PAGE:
Q: ­How would you suggest getting into private payroll as opposed to public accounting?­
A: It sounds as if you are currently working in the government sector…  I realize that there will be differences, but in general the concepts are the same.  Take a few classes, do some informational interviews with others you know from your network that are in private payroll, and then start applying… You may want to adjust your resume to be more of a functional resume.  Omit the skills that do not cross over.  

Q: ­Many companies contact applicants via email to set up first interviews.  Can you provide some insight regarding etiquette for these situations?­
A: Consider this like an abbreviated version of the phone call.  Feel free to go ahead and set a time, and then ask if there’s a time pre-interview when you might call to ask some questions.  If not, ask if you might ask some questions via email.  Be careful to ask fewer questions, so make them impactful.


Q: ­Our company has affiliated with another company and we all have to go through an interview.  The interview is suppose to be for them to determine what we know within our job.  My problem is I know I will not be doing the same job. Not sure what questions to ask. ­
A: You have a real advantage.  You know the company culture and policies.  I’d suggest the questions you ask may serve a dual purpose.  You can ask them in such a light that the interviewer actually “pictures” you in the job.  Ask questions such as, “When I transition to the new job and knowing the skills I have, how do you envision me succeeding?”  Also, ask questions about the differences, what the new teams will look like, and what the company need in its employees now.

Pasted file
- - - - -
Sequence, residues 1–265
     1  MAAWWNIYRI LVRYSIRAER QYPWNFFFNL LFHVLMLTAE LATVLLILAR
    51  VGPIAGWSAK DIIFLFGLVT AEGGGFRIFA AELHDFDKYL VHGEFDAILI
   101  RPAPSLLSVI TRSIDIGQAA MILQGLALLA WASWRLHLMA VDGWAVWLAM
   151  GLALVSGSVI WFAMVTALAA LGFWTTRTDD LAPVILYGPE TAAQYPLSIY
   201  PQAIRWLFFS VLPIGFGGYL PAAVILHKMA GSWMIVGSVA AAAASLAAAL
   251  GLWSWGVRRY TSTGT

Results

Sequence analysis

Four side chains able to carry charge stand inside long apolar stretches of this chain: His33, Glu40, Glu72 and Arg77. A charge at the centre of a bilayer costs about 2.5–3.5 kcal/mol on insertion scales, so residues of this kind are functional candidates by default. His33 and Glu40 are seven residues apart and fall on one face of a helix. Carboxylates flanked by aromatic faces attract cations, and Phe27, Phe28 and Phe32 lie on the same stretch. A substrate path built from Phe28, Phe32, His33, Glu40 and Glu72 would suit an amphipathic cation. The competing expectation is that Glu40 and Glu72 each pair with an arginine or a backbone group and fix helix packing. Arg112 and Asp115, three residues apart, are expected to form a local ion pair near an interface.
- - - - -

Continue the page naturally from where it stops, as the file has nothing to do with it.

Q: ­Would it be better to memorize your question or write down and read from your notes, or would that be rude to read while in a interview­?
A: Oh definitely, it’s okay to write them down.  In the webinar, we suggested bring a pad folio with you in order to take notes during the interview.  I suggest going back a few pages on this legal pad and writing down some questions.  During the interview when you are asked if you have any questions, you can say, “Yes, may I refer to my notes?”  This shows the interviewer that you cared enough to take the time to do your research. 

Q: ­Would you ever discuss salary during a first interview?­
A: If the employer does not bring it up, hold off.  The first interview needs to be about what’s in it for them.  Spend the interview showing the employer why you’re the one.  Once they offer you the job, you are in a much stronger position to negotiate an even higher compensation package.

Q: ­Traditional questions also include what is your salary?  What if you do not care to answer that?­
Q: ­How do I respond when the interviewer asks what my salary is currently?­